But above all, the celebrations will reaffirm the firm hold of Xi, China’s most powerful leader since the Mao era, as the CCP’s and country’s guide. The “core” of the party – one of its informal titles -, which came to power in 2012, has removed the limits that would have forced it to leave office as of next year. Everything indicates that it will continue at least another five, with no successor in sight. Xi, writes analyst Nis Grünberg in the report The next century of the CCP, from the Merics laboratory of ideas, “wants to be the figure that marks the change from reform and opening to a properly Chinese modernity. With the limits on his mandate abolished, and ten years of preparing and directing the party apparatus around him, Xi is preparing to be the banner of a China with a global status of wealth and power.
His mandate has been characterized by an increase in control and a centralization of power in his person. Under the argument of national security, applied in a very broad sense, the emphasis on ideology, discipline on the party has been reinforced under the umbrella of a campaign against corruption and social control. The latter trend is especially pronounced in Xinjiang, the province home to the Uighur Muslim minority, and Hong Kong, where the 2019 protests were put down with the heavy hand of the national security law in force for a year.
Abroad, China is developing an increasingly uncomplexed assertiveness. Last year, a clash between Chinese and Indian soldiers on the border left five dead in the Chinese countryside and about twenty in the rival. Since September, planes from the People’s Republic have made incursions into Taiwan’s airspace. Despite the misgivings it arouses in other countries, this new assertiveness will continue until the CCP feels safe in the international arena and ceases to perceive external events as threats to national security, says Helena Lagarda, of Merics, in a recent video conference.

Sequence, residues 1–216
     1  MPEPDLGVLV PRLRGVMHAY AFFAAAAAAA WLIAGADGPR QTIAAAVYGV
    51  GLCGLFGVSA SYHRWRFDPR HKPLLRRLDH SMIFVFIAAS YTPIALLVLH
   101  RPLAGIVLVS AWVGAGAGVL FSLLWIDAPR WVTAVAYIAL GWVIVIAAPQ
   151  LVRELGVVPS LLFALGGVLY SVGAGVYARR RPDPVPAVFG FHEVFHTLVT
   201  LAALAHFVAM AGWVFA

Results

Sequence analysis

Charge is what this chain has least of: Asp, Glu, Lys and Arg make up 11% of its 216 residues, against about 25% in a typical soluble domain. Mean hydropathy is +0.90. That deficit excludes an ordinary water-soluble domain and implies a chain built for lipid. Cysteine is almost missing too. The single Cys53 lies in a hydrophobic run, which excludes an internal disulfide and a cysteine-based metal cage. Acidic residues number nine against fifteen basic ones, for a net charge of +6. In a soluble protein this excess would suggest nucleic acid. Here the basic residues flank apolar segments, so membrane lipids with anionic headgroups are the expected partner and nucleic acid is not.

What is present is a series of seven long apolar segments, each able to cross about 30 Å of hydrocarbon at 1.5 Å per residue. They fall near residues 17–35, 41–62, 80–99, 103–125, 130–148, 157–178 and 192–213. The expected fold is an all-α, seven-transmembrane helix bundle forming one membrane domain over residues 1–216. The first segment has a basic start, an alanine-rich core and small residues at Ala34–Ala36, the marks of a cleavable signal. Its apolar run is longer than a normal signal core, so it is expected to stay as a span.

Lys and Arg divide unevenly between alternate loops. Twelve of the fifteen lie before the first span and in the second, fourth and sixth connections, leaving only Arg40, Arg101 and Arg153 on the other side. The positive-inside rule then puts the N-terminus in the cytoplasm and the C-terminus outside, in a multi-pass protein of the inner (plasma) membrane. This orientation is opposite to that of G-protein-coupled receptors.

Behind the successes are important problems: deep social inequalities, an environment badly damaged by decades of uncontrolled development, a galloping aging of the population and the need to maintain levels of economic growth that allow the incorporation of new graduates to the world of work. Outside, the increasingly tense rivalry with the US may spark regional clashes, especially in Pacific waters and the South China Sea. The vehement defense of interests at the hands of diplomatic “warrior wolves” has tarnished its image in the West; his treatment of minorities in Xinjiang has brought him the first EU sanctions in decades.
As sinologist Tony Saich, director of the Ash Center at Harvard University and author of the book recalls From Rebel to Ruler: 100 Years of the Chinese Communist Party (From rebel to leader: 100 years of the CCP), one of the keys to the CCP’s longevity in the face of other communist formations has been its ability to adapt. This is what happened in the nineties, when it was opened to private entrepreneurs, who decades ago had been persecuted. It is about giving a little free rein to society to experiment and be a little more free, says the expert. But Xi, he clarifies, has realized the negative aspects. “Corruption, local governments that seek their interest rather than the interest of the State, ideas that collide with the narrative that comes from the center. And, as we all know, he has centralized control. The question is: is it going to stifle the dynamism and innovation that has kept the system and the party going?